Two months ago, health-care reform looked as if it could be almost easy for the 2008 Legislature -- deceptively so.
A pair of study panels, working in tandem, had produced strikingly similar recommendations that appeared to have enough bipartisan support to become law. The proposals steered clear of philosophical extremes, in favor of enough regulation to help consumers be smarter health-care shoppers and enough incentives to make the medical system deliver better, more cost-effective care. Cost savings from those measures were to be used in part to make health insurance affordable for more Minnesotans, and thereby drive costs lower still.
Those aren't revolutionary ideas. But analysts say they're sufficient to deliver a 20 percent health-care cost savings -- not just to government, but also to the private sector -- by 2015. No other measure on the docket this year promises as much near-term business stimulus.
That promise, combined with the certainty that costs will keep climbing if the state does not act, attracted broad initial backing. But criticism has persisted from the left, which prefers government-run health insurance for all, and from the right, which favors much less government involvement in every aspect of health care.
Last week, it appeared that the latter group had gotten to Republican Gov. Tim Pawlenty. His expressed concerns about a Senate bill modeled after his own panel's proposals looked like a potentially fatal blow to the effort to reign in health-care costs and improve Minnesota's health -- not only for this session, but likely for the rest of Pawlenty's term.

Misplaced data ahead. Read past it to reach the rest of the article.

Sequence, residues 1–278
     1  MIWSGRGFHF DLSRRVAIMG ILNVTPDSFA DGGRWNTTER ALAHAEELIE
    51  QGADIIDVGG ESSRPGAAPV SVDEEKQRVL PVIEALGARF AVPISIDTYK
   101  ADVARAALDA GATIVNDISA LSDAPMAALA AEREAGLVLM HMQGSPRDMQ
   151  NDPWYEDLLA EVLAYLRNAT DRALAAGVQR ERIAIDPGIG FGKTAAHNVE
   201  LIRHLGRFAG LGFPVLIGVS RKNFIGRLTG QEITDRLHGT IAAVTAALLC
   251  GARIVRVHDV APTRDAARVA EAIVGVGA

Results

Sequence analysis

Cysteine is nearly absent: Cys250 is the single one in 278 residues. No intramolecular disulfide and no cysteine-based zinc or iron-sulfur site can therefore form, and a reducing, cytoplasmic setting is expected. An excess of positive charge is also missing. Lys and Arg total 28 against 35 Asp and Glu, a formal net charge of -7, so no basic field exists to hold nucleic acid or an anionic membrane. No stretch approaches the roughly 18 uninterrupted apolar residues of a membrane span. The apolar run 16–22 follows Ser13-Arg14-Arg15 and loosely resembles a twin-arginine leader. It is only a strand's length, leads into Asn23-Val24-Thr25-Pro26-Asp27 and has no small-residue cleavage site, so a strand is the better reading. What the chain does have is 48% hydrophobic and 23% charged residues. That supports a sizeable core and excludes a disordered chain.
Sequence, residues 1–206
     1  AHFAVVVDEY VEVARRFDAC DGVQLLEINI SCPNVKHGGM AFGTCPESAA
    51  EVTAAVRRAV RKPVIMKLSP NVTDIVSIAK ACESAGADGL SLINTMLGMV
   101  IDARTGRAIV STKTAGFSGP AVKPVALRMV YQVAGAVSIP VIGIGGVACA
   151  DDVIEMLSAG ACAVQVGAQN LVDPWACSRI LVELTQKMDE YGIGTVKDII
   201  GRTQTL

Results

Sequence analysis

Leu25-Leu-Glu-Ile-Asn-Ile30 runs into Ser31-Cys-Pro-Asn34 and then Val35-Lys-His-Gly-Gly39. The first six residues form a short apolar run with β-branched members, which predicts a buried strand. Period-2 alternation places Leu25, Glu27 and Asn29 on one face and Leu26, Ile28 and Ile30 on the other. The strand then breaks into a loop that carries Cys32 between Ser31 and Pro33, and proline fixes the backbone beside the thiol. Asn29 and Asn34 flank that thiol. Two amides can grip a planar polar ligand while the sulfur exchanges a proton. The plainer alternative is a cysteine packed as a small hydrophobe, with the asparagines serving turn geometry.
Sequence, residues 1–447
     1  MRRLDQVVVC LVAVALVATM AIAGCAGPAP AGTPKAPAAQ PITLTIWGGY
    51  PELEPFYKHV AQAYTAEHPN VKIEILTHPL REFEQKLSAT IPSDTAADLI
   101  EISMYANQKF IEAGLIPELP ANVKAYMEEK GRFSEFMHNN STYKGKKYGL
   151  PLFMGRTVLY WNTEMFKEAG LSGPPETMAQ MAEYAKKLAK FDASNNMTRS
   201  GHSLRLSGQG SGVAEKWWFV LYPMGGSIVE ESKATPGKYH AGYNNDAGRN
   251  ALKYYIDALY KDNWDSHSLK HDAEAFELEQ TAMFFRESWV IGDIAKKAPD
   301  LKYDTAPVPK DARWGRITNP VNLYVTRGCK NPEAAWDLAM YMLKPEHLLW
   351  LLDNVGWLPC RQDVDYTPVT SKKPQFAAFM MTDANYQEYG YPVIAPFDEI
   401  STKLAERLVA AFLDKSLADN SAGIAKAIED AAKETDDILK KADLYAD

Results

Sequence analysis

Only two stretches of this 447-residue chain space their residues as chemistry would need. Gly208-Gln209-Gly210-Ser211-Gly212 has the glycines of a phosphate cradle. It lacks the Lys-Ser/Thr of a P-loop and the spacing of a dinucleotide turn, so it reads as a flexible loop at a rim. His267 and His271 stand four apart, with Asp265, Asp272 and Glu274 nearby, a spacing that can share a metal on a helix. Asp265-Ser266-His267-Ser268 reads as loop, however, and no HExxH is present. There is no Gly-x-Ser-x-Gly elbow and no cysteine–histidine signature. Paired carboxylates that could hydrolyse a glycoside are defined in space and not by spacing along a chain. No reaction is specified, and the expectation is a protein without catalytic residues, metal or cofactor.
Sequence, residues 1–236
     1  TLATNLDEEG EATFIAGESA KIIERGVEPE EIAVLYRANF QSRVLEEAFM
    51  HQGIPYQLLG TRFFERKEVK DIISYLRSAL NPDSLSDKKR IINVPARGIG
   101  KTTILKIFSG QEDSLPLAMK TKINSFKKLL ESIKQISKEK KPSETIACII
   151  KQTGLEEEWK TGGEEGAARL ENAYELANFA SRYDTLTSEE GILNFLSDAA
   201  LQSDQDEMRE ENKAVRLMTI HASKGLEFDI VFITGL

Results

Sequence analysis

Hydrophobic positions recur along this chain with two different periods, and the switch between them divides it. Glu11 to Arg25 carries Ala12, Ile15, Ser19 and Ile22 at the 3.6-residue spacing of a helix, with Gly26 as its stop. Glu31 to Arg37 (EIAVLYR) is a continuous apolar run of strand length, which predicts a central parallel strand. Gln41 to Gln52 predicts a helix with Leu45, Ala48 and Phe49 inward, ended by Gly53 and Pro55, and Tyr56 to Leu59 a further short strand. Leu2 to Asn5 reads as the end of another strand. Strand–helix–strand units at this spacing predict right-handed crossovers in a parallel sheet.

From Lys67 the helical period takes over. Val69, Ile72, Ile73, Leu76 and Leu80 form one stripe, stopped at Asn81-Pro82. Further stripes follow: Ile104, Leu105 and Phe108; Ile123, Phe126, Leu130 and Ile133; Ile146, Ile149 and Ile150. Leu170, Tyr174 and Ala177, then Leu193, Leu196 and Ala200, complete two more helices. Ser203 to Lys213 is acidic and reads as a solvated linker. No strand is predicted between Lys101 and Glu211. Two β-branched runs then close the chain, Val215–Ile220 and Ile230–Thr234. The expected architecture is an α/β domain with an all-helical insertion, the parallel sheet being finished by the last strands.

But by week's end, the reform effort was exhibiting encouraging resiliency. Pawlenty was calling his concerns "fixable." The Senate bill was modified to address some critics' objections, and won a bipartisan preliminary vote, 41-22.
The House version, a work in progress, got a news-conference boost from a coalition that included a General Mills vice president, a labor leader, a seniors organization, a nonprofit health-care CEO, and the physician who ran for lieutenant governor on the Independence Party ticket in 2006, Maureen Reed.
Allowing so much consensus to come to naught would be a lawmaking failure Minnesotans would rue for years. It no longer looks easy to achieve major reform this session -- but it still looks imperative.
Reaching an agreement will require a number of concessions. These two stood out last week:
• Pawlenty should back away from tapping the Health Care Access Fund to balance the state budget. That fund was built with a 2 percent tax on health-care services, enacted in 1992 on a promise that it would be used to help the working poor buy health insurance and thereby reduce total health-care costs. Raiding that fund will shrink the reform package's cost-savings potential and will be a deal-breaker with the DFL-controlled Legislature.
• DFLers should back away from what amounts to a new premium tax, to be used to expand insurance coverage as other costs fall. It would make health insurance more expensive for small employers at a time when the state should be encouraging more employers to insure their employees. Dropping that idea will make it easier for business organizations to support the reform package -- and it needs all the business friends it can get.